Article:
The "business" of Medicine?

Here’s a question I haven’t really seen discussed too well, and I haven’t been able to get a good answer from other sources.
We understand (mostly, anyway) how the process of medical education works - 2 years BS, step 1, 2 years clinical, step 2,residency, step 3, etc. Obviously, in a residency you learn the hospitals policies and procedures, and the laws that are pertinent to the state your residency is in.
How then do new doctors learn about the rest of the world? Learn what the more or less unique rules are for other states, licensing information, things like that?
And how do doctors at the end of their residency learn whatever they need to know, to be able to make a living outside of the hospital system? Insurance details, malpractice insurance tips and tricks, how to not get taken to the cleaners on a thousand and one things?
There are support organizations for other small businesses (chamber of commerce, networking groups, books, seminars, etc), are there similar resources for physicians, and if so, where are they?

One of the attractive things about my residency program is that residents are included in practice management discussions. There is a practice manager who regularly educates both the attending and resident physicians at the office about things like coding and billing… which is the difference between possibly operating in the hole and making a decent living. Physicians do have to be proactive about finding and using this information, and it is not easy to carve out the time to do this. There are whole conferences devoted to coding - not for physicians but for practice managers and billing specialists. Like so many things, this is a highly specialized area. It’s been my observation that physicians rely on experts to give them business guidance; it would be impossible to keep up with the rules & regulations and so you count on someone to guide you through.
The American Academy of Family Practice has a practice management journal which is short & sweet, comes out monthly I believe. I gather that other specialties have similar publications and resources. I know the AMA puts out a lot of stuff on this.
If you’re lucky, you’ll have time in medical school to work with a preceptor in an office setting where you can ask lots of questions and find out more about this aspect of medical practice. That was a strength of my education at GWU - during years one and two, we had a half-day with a primary care physician twice a month and in talking with my classmates, it sounds like a lot of us heard our preceptors’ views on money and medicine as part of our experience.

Hi there,
One of the most attractive things about my new residency program is that they will teach me how to make money in private practice. I am in a private practice-fellowship track that puts me primarily with some of the most successful private surgeons in Cleveland. My residency director told me that after I am finished, I would be totally comfortable running any kind of a practice from group to single. They take pride in making sure that their graduates are successful. If UVa has a weakness, it is that they are totally geared toward the academic physician and provide almost no training in practice management.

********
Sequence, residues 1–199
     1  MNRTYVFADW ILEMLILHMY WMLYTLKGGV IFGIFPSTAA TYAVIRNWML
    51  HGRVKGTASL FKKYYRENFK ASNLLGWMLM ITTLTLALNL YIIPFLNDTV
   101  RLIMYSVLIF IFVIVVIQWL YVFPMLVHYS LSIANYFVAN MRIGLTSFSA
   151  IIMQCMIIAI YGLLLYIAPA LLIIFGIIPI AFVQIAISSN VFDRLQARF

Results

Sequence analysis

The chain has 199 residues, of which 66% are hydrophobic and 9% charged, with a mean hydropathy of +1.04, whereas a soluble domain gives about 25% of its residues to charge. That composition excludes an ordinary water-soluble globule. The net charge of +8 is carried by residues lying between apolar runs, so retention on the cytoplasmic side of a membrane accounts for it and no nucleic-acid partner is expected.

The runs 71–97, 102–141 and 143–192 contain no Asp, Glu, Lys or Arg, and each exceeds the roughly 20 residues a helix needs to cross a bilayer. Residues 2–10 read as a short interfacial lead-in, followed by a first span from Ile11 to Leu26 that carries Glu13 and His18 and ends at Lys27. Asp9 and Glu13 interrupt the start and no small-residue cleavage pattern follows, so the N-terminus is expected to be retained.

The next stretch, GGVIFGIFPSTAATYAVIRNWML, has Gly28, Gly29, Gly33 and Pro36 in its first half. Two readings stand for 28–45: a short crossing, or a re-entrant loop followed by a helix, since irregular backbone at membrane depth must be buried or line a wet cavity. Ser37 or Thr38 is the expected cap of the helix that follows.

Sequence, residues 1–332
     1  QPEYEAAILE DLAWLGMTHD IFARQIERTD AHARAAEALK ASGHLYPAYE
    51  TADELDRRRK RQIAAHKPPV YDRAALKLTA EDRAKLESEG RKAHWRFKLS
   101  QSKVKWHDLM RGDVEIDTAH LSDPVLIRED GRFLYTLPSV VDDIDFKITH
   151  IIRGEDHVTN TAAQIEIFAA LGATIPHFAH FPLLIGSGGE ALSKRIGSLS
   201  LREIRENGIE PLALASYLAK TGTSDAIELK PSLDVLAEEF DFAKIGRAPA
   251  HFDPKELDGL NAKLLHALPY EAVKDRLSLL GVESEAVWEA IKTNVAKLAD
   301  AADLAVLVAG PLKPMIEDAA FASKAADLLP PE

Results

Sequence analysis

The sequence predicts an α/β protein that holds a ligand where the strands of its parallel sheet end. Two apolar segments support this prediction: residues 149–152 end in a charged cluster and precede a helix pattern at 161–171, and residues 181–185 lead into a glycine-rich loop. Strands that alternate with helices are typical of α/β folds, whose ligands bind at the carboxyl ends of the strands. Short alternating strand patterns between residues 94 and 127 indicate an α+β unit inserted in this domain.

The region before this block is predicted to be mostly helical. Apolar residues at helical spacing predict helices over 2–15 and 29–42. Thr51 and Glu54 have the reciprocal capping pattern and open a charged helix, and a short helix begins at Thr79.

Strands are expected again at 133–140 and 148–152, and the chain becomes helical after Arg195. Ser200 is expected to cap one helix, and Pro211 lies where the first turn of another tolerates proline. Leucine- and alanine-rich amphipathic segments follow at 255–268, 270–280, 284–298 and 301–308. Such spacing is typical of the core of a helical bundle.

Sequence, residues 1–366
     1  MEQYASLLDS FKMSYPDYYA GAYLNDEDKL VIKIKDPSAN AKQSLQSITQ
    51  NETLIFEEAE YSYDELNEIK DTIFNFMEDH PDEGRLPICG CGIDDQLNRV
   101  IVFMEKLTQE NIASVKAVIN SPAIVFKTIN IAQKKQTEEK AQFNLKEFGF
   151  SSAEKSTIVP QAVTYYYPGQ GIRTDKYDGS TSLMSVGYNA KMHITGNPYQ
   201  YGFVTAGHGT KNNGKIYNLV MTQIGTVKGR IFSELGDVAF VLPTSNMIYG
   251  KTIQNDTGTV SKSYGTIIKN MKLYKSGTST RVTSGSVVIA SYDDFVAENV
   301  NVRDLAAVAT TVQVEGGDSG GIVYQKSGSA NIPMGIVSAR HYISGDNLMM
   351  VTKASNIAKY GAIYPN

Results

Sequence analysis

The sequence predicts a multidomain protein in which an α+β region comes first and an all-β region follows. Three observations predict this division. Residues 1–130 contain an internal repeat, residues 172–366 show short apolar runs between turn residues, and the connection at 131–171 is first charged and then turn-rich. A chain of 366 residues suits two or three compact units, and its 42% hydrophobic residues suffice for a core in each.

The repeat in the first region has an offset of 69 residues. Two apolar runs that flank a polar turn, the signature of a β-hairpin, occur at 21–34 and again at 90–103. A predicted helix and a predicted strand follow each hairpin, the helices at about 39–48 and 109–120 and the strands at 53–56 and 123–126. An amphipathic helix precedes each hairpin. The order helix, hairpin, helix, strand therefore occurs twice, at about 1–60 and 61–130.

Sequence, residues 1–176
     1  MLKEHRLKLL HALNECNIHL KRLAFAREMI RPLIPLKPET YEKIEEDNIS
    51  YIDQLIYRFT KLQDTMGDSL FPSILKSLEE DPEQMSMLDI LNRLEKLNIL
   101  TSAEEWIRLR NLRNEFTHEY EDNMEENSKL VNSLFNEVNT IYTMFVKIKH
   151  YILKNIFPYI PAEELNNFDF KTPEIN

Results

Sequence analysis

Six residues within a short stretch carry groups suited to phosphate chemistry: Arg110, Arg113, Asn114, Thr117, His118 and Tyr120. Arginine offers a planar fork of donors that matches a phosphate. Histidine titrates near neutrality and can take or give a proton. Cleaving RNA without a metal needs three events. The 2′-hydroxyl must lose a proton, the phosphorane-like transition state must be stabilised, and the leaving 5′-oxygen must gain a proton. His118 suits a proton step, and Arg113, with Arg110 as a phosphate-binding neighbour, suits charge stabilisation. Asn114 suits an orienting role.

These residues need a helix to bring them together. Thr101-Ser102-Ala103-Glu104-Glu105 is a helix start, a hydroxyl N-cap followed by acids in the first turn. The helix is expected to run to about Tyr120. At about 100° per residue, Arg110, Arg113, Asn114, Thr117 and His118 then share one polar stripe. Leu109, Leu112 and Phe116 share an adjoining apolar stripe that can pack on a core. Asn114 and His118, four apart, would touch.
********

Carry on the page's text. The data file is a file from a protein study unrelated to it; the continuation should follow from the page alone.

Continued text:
You have to make sure that your residency provides you with what you need. If not, you have to spend some money and take seminars (the most inefficient way to learn this stuff). Since the practice of medicine is quite variable from state to state, you really have to tailor your practice to the state that you are in. One of my attending physicians recently left a thriving practice in Philadelphia. He was part of a very successful group that easily pulled in seven figures for the chief partner. The last year that he practiced, his malpractice insurance premium was $200,000. He was grossing more than $400K in general surgery and his partnership covered about 5 hospitals to support themselves. He said that he was being run to death and watched his malpractice premiums climb through the roof. When he pulled out of Philadelphia, there was a huge hole that wasn’t easily filled because he was so high output.
In Virginia, where the malpractice is not quite as bad as Pennsylvania or West Virginia, there are many groups in Northern Virginia that are masters at running practices. That is why Mary RR has landed in a great residency program. Inova Fairfax is the most well-endowed private hospital in the country. She chose well!
What have I learned after two years of residency? That I will never practice in West Virginia or Pennsylvania (even though I love the Pittsburg area). I will probably cross a couple more states off before I am done.

Thanks, thats kind of what I suspected.
Are there any on-line resources (or suggestions) for group or practice management? I’m thinking of working on an MBA (online) if I can get it finished before I’m done with my post-bac, thinking that might be helpful.

Thanks, I’ll check out the journal.
I suppose the easy solution would be to pick a specialty that is hospital based and doesn’t work through groups (if there is such a thing) and just be a salaried employee. I’ve started and run my own businesses, and all in all, I’d rather let someone else take care of that hassle.